A ruling by Britain’s second-highest court undermines the global ban on torture, Human Rights Watch said today. In a 2-to-1 ruling, the Court of Appeal said that evidence obtained under torture in third countries may be used in special terrorism cases, provided that the British government has “neither procured the torture nor connived at it.”
“This is a dramatic rollback in fundamental rights,” said Rachel Denber, acting executive director of Human Rights Watch’s Europe and Central Asia Division. “The global ban on torture is absolute. Britain should be a leader in upholding that principle rather than looking for ways around it.”
The court ruled that the British government can use evidence obtained under torture outside the country when deciding to detain indefinitely foreign terrorism suspects, unless Britain was involved in the torture or encouraged it. The same material can also be considered by the Special Immigration Appeals Commission, which hears appeals by these suspects against indefinite detention. Much of the evidence before this commission is heard in closed proceedings to which the detainees and their lawyers of choice have no access. Instead, they are represented by security-cleared lawyers appointed by the government.
Under the Convention Against Torture, to which Britain and more than 130 countries are party, evidence obtained under torture is inadmissible in “any proceedings” before a court. But the majority in the Court of Appeal said today that because the Torture Convention is not part of British domestic law, the Home Secretary has no obligation to enquire about how information from third countries was obtained when he certifies foreign nationals as suspected international terrorists.
“The court’s decision sets a devastating precedent,” said Denber. “Arguing that torture is acceptable provided that the British government is not involved is a shocking abdication of responsibility.”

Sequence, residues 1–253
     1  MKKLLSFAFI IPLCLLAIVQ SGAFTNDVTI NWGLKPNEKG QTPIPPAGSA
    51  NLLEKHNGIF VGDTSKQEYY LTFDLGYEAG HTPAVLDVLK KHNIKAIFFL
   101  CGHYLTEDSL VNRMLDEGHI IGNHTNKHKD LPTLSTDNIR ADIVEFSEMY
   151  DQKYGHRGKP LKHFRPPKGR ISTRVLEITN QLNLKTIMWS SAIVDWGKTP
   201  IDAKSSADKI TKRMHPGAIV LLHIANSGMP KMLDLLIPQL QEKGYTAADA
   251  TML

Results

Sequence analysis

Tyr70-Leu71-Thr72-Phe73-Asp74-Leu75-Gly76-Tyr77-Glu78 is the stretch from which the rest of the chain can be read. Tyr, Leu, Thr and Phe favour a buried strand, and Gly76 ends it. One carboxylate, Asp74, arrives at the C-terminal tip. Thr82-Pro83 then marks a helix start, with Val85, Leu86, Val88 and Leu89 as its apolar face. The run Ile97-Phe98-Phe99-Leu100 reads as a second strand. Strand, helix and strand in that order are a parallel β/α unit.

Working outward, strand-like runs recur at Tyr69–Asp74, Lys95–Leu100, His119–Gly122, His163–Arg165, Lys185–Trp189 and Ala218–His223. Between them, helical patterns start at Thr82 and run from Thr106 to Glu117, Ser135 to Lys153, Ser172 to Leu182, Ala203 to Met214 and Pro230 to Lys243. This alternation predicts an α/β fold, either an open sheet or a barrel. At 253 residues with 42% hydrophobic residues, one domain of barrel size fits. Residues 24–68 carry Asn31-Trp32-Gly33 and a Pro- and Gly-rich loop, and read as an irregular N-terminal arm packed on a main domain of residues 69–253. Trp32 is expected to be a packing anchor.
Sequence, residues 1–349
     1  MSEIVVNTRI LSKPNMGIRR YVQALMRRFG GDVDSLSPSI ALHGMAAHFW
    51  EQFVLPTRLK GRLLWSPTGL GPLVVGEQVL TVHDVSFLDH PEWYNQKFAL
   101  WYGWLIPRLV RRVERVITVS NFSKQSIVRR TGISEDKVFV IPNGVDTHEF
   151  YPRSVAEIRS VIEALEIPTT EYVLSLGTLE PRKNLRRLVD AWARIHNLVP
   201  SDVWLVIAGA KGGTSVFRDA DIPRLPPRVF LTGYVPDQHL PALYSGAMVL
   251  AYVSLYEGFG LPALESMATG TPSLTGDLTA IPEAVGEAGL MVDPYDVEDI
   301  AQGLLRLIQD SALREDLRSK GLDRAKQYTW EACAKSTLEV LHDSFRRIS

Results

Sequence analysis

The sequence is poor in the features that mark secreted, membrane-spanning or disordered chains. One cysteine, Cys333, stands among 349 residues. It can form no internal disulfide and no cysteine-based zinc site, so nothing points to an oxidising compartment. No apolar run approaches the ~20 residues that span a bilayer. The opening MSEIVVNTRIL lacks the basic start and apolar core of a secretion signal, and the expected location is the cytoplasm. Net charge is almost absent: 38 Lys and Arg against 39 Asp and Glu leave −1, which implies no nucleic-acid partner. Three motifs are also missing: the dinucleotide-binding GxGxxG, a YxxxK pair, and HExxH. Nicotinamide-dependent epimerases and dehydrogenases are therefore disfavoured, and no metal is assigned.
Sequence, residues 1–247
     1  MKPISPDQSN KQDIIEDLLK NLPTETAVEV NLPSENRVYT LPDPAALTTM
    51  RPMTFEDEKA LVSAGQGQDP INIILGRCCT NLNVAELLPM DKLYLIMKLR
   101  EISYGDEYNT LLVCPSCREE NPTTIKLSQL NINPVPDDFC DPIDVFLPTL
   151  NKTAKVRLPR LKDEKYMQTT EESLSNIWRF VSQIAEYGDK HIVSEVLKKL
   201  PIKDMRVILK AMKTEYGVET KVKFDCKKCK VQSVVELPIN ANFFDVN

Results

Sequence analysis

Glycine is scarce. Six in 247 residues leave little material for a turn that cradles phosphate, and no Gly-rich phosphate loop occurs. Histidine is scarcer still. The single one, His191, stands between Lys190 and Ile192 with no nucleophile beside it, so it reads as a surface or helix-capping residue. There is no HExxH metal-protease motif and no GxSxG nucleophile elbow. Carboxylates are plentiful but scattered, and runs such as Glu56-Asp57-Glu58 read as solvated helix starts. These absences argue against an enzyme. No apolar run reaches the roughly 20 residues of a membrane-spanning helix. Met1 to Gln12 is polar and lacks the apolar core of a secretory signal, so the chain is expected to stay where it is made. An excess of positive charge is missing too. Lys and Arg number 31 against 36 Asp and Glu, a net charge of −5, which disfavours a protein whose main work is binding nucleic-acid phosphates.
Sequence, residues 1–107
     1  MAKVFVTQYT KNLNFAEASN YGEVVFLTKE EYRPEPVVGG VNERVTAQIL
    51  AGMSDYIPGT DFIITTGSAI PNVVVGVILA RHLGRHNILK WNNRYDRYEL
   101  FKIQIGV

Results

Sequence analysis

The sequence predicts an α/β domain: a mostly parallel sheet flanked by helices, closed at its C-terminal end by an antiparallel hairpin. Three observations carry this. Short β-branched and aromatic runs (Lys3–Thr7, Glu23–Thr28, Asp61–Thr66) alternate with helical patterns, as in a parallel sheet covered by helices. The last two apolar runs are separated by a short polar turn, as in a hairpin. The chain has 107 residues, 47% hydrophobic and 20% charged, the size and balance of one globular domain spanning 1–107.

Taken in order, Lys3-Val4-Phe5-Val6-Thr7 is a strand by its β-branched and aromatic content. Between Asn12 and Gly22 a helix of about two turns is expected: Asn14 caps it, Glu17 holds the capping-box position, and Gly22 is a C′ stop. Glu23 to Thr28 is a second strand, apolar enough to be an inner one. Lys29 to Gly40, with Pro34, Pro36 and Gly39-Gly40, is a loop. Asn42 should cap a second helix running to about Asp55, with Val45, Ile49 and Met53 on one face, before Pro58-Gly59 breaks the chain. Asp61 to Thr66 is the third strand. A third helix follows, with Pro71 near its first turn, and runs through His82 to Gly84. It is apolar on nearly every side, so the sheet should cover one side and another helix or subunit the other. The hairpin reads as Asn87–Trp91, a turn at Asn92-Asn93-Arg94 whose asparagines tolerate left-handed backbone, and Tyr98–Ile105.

In his dissenting judgment, Lord Justice Neuberger made clear the consequences of the majority’s decision, stating that “by using torture, or even by adopting the fruits of torture, a democratic state is weakening its case against terrorists, by adopting their methods, thereby losing the moral high ground an open democratic society enjoys.”
The ruling came in the Court of Appeal’s decision rejecting the appeals of 10 foreign nationals certified as suspected international terrorists under the Anti-Terrorism Crime and Security Act 2001. The men were appealing against earlier decisions by the Special Immigration Appeals Commission to uphold their certifications as suspected international terrorists.
Nine of the men are subject to indefinite detention under the law without charge or trial, together with three additional suspects, who were not parties to today’s appeal. The tenth appellant has left Britain. The Court of Appeal denied the men permission to appeal to the House of Lords, but the men have the right to request such permission directly from the higher court.
The ruling is the latest in a series of blows to human rights protection in Britain arising from the indefinite detention allowed under Part 4 of the Anti-Terrorism Crime and Security Act 2001. In order to enact the law in December 2001, Britain suspended part of its human rights obligations under the European Convention on Human Rights and the International Covenant on Civil and Political Rights. The Joint Human Rights Committee of the British Parliament has called for indefinite detention under Part 4 to be scrapped “urgently,” arguing it has a “corrosive effect on the culture of respect for human rights.”
This October, a specially convened nine-judge panel in the House of Lords will hear an appeal on the lawfulness of the derogation and the compatibility of the legislation with other human rights obligations from which Britain has not derogated.
In the three years since the September 11 attacks in the United States, governments around the world have adopted counterterrorism measures that violate fundamental human rights. They have adopted laws allowing indefinite detention without judicial review, and restricting or denying altogether access to counsel in terror cases. They are also increasingly reneging on their obligations not to send terror suspects back to countries where they would be at risk for torture, frequently justifying such returns by seeking “diplomatic assurances” from governments with long-standing records on torture that the suspects would not be harmed.
To read Human Right’s Watch’s briefing paper analyzing the indefinite-detention regime in the United Kingdom, please see: